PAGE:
(d) in the case of a foreign national who seeks to enter Canada as a live-in caregiver,

(i) the foreign national will reside in a private household in Canada and provide child care, senior home support care or care of a disabled person in that household without supervision,

(ii) the employer will provide adequate furnished and private accommodations in the household, and

(iii) the employer has sufficient financial resources to pay the foreign national the wages that are offered to the foreign national; and

Creating an Employer Black List

Perhaps most importantly, the changes will make an employer ineligible to access the Temporary Foreign Worker Program (“TFWP“) for a period of two years where the employer has been found to have provided wages, working conditions, or an occupation that was not substantially the same as what was offered during the previous employment of a temporary foreign worker.  The changesalso provide for the publication of a list with the names, addresses and period of ineligibility of employers who are not eligible to access the TFWP for the reasons noted above on Citizenship and Immigration Canada’s external Web site, in order to inform foreign nationals as to which employers are not eligible to hire TFWs.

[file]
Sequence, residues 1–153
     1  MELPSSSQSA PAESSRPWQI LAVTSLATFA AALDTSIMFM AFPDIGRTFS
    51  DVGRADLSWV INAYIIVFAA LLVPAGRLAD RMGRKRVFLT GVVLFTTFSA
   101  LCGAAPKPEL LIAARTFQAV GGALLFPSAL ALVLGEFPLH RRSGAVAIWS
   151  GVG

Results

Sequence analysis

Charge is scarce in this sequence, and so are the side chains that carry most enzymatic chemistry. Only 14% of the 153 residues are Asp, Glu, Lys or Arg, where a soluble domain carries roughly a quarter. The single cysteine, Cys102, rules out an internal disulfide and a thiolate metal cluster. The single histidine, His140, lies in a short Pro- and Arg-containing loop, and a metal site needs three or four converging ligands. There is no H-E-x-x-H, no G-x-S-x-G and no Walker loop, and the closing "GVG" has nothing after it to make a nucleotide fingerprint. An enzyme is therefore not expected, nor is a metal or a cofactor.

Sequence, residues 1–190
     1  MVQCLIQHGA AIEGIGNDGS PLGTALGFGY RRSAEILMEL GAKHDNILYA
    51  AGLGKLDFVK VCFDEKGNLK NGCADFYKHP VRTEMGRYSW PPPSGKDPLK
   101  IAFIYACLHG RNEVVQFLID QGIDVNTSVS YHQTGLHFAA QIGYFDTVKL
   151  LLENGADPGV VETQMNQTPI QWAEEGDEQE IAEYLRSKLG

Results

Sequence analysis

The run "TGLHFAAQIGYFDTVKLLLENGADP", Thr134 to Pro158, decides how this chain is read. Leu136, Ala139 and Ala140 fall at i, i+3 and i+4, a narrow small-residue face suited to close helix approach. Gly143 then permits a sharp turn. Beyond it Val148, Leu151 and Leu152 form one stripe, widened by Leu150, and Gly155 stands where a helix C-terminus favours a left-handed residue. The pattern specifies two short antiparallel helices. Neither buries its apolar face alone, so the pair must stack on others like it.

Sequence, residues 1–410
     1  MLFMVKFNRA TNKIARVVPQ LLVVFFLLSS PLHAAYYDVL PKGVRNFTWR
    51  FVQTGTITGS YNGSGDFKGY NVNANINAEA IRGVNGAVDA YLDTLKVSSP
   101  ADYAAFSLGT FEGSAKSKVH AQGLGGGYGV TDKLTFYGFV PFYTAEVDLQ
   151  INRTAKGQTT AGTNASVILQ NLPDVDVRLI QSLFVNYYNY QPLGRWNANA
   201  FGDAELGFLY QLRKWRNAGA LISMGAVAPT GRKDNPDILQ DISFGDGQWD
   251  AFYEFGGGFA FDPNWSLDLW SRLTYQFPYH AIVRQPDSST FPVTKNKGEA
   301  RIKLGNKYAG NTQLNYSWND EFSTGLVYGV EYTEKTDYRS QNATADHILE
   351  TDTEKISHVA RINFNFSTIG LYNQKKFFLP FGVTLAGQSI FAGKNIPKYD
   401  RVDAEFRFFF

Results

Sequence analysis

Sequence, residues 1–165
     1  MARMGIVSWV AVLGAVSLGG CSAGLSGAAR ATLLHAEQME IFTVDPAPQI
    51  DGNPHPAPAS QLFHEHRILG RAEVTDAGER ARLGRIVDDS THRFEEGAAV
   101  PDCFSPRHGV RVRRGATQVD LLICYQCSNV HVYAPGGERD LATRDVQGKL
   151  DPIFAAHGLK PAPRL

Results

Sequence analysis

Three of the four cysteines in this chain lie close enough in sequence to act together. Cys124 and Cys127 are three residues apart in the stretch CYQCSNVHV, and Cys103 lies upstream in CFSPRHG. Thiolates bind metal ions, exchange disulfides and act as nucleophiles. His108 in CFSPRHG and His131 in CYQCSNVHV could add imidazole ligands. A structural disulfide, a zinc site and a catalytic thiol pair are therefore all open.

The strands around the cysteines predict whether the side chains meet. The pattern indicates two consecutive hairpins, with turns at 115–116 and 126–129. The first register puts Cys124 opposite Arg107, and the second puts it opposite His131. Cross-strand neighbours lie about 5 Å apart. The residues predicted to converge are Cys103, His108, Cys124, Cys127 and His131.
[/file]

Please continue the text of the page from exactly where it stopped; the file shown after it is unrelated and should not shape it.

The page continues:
Section 203 of the Regulations will now read:

203. (1) On application under Division 2 for a work permit made by a foreign national other than a foreign national referred to in subparagraphs 200(1)(c)(i) to (ii.1), an officer shall determine, on the basis of an opinion provided by the Department of Human Resources and Skills Development, if

(e) during the period beginning two years before the day on which the request for an opinion under subsection (2) is received by the Department of Human Resources and Skills Development and ending on the day on which the application for the work permit is received by the Department,

(i) the employer making the offer provided each foreign national employed by the employer with wages, working conditions and employment in an occupation that were substantially the same as the wages, working conditions and occupation set out in the employer’s offer of employment, or